Before Netflix’s The Queen’s Gambit nabbed the Golden Globes for Best Actress and Best Miniseries or TV Film, awards recognition seemed almost inevitable. Soon after its October 2020 premiere, the story of troubled chess prodigy Beth Harmon dominated social media feeds, became the streaming platform’s most-watched scripted limited series, catapulted Anya Taylor-Joy into another level of stardom, and even sparked a renewed interest in the game of chess itself. A few months later, HBO scored its own hotly discussed darling with crime drama Mare Of Easttown, which kept star Kate Winslet and her Delco accent in the spotlight until well after the finale.
Both The Queen’s Gambit and Mare Of Easttown have retaken their shared place at the center of conversation as the Academy of Television Arts and Sciences prepares to announce this year’s crop of Primetime Emmy Awards nominees. With high-quality production and popularity to boot, the two dramas and their leading women are considered frontrunners in the Emmys race, and deservedly so. But when it comes to the perennially stacked Outstanding Limited or Anthology Series category, the Television Academy has a real chance to recognize the ways that these series flexed the medium’s malleability. Series like Amazon Prime Video’s The Underground Railroad and Small Axe and HBO’s I May Destroy You challenged the status quo by placing often buried stories of Black life squarely at their respective centers while confirming Michaela Coel, John Boyega, Thuso Mbedu, William Jackson Harper, and Shaun Parkes as talents to watch. These works weren’t just wins for inclusion, however. By cleverly pushing creative boundaries, these shows confronted longstanding (and ill-informed) notions of TV’s alleged inferiority to cinema with breathtaking production and meaty narratives.
This is especially the case for Steve McQueen’s ambitious execution of Small Axe, the five-part anthology consisting of separate films showcasing Black British existence. Rather than commit to a more rigid, occasionally limiting one-hour serial format—an approach that would more than likely support only one story—McQueen stayed true to his filmmaking roots to create a more in-depth tapestry of the West Indian community’s impact on the U.K. Small Axe’s Mangrove, Lovers Rock, Red, White And Blue, Alex Wheatle, and Education offer unique glimpses into parts of Britain’s history that are commonly swept under the rug. What’s more, each installment thrived under Shabier Kirchner’s nurturing cinematography, turning seemingly innocuous occurrences like falling bowls or dancing at a party into moments of total anxiety or vibrant life, respectively. The overall approach was certainly different for TV, but it highlighted the quality that lies just outside of convention.
Barry Jenkins also channeled his big-screen sensibilities into The Underground Railroad, an adaptation of Colson Whitehead’s 2017 Pulitzer Prize-winning novel. Reimagining the safe passage used by enslaved people to escape the South as a literal underground railroad required serious vision. Jenkins delivered as much with a work that recognized the inherent trauma of Black American history while leaning into powerful, cerebral imagery to illustrate the horrors of slavery. Just as 2020 Emmy winner Watchmen masterfully channeled generational trauma into high sci-fi fantasy, the Amazon original excels by getting to the heart of America’s ugly history with striking illusions and a cast that holds nothing back.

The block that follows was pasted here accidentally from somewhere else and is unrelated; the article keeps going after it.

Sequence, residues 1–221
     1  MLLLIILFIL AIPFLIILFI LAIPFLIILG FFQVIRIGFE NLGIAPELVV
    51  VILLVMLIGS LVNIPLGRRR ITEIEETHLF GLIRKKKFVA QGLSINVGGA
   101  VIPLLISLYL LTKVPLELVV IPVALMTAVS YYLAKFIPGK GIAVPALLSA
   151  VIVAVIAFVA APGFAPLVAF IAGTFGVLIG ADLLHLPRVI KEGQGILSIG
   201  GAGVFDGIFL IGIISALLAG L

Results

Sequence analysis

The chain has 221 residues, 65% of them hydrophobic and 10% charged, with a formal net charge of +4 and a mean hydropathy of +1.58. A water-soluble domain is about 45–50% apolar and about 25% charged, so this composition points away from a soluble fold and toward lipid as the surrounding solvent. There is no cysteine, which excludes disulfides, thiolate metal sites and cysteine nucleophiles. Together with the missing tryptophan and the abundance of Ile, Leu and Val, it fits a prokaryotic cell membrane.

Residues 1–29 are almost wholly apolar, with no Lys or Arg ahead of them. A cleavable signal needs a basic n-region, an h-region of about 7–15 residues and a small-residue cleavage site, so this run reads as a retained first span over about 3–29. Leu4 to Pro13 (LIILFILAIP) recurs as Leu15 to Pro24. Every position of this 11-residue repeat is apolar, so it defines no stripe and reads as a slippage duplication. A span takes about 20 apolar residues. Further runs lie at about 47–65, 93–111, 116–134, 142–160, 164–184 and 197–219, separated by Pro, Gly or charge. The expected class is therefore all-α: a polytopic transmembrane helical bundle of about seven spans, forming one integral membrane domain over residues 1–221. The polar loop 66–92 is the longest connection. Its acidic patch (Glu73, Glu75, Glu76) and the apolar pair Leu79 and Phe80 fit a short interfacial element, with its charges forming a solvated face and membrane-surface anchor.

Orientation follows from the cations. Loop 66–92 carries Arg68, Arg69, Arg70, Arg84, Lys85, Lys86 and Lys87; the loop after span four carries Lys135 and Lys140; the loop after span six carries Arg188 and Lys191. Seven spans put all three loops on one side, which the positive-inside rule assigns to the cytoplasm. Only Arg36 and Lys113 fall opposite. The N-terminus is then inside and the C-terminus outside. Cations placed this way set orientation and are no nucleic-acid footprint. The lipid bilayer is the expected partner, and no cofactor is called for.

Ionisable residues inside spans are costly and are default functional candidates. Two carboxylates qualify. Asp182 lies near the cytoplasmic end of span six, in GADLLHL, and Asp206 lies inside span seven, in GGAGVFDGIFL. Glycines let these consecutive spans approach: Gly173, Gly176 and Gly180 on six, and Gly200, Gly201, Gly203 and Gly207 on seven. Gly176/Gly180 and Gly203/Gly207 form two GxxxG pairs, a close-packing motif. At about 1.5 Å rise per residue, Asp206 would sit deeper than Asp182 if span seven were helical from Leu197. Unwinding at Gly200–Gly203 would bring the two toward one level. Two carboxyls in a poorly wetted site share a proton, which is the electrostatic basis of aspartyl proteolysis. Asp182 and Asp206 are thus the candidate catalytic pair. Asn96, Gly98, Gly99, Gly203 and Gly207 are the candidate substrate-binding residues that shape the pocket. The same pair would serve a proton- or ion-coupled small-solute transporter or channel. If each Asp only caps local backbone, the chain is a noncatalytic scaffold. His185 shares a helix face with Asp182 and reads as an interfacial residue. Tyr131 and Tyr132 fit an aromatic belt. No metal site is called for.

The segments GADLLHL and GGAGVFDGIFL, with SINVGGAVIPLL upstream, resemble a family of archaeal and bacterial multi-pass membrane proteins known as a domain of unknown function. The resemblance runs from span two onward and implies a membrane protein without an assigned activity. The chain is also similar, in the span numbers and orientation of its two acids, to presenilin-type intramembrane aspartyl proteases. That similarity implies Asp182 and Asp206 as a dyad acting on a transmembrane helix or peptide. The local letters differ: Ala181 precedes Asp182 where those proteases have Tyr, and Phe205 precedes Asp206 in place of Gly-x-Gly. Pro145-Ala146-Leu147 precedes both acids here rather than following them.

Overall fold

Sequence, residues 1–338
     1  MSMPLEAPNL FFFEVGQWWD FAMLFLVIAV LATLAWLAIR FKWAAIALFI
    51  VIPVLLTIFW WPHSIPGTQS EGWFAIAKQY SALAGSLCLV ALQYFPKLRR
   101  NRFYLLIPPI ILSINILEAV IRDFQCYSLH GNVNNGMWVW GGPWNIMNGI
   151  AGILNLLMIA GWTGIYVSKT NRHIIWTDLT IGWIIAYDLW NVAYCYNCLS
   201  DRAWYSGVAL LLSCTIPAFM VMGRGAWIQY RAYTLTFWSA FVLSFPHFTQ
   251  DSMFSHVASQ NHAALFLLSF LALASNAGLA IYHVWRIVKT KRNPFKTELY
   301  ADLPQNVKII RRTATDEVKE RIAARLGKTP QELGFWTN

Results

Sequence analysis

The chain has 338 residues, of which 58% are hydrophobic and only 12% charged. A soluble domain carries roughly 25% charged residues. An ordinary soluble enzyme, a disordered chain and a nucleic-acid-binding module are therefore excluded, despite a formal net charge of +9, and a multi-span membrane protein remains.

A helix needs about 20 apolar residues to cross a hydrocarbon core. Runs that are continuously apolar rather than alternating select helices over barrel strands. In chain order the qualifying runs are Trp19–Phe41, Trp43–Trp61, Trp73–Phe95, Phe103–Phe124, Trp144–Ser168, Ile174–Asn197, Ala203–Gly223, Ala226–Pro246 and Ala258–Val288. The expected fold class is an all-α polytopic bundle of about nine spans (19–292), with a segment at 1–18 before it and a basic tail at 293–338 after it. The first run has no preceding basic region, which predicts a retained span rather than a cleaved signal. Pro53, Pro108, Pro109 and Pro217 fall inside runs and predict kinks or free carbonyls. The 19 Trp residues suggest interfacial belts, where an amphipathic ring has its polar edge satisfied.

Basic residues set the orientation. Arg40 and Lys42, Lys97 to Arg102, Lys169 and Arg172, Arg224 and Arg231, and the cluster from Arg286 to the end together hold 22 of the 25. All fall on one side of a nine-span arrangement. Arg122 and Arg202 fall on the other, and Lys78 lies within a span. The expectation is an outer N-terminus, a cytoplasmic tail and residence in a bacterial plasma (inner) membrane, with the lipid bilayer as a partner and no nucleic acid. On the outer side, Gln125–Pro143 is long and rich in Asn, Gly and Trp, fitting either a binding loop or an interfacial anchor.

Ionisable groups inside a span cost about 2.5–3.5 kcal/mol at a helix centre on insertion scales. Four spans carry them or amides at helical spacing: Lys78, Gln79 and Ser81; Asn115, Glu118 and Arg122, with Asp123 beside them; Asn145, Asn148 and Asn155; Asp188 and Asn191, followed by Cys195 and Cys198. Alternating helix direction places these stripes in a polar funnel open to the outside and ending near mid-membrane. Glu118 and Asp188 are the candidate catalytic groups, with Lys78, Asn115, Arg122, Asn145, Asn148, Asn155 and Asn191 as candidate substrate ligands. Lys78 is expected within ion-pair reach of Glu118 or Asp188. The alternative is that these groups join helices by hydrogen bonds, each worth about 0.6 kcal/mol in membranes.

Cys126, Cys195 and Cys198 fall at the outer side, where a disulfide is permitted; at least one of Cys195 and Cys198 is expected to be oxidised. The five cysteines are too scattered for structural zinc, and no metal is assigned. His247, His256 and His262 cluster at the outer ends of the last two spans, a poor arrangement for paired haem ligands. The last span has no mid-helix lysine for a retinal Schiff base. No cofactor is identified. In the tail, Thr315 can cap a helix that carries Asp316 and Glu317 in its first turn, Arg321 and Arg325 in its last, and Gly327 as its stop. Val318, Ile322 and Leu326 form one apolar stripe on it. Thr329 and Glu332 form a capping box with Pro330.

Not all of the past year’s innovation stems from the visual. In the case of I May Destroy You, Michaela Coel dug into her own experience with sexual assault to tell a well-rounded story about the multilayered concept of consent. Outfitted with a sharp cast and veracious writing, Coel’s insightful series reclaimed a narrative often used reductively in entertainment to strip female characters of their power and turned out a real story about the difficult business of healing. As Arabella, Coel gave audiences a survivor who was impacted by her identities as a Black woman, an influencer, and an artist, resulting in realistic moments of performative healing and struggles with her hypervisibility. It’s that thoughtfulness that ultimately fed a show that didn’t reduce victimhood to hopelessness, nor did it paint proactiveness as the cure-all for holding rapists accountable. IMDY doesn’t just illustrate rape culture, but exposes how our society paints both survivors and long-touted solutions with a single brush.
Of course, there were other limited series that were similarly praised throughout the industry this past year for their creativity. Disney+’s WandaVision was obviously an unstoppable hit for its spin on classic Marvel storytelling. And while Halston didn’t exactly live up to Ryan Murphy’s usual penchant for glamour and elevated drama, it’s still a Murphy project, which tends to catch the Television Academy’s eye regardless. The Queen’s Gambit and Mare Of Easttown certainly haven’t lost any of their luster. That said, there’s an underlying fear that the Emmys will fumble an opportunity to recognize work that we haven’t seen time and time again. For better or worse, we’ve already seen the troubled prodigy and the struggling investigator. We’ve witnessed the power of Marvel and period dramas through a well-worn Murphy-esque lens. What we haven’t seen often enough are shows that broaden the idea of which stories are worth telling. There’s plenty of great TV, especially within a hotly contested category such as Outstanding Limited or Anthology Series. But there are only so many chances to award creativity that pushes the medium—and its audience—forward. In that race, the real contenders are shows like Small Axe, I May Destroy You, and The Underground Railroad.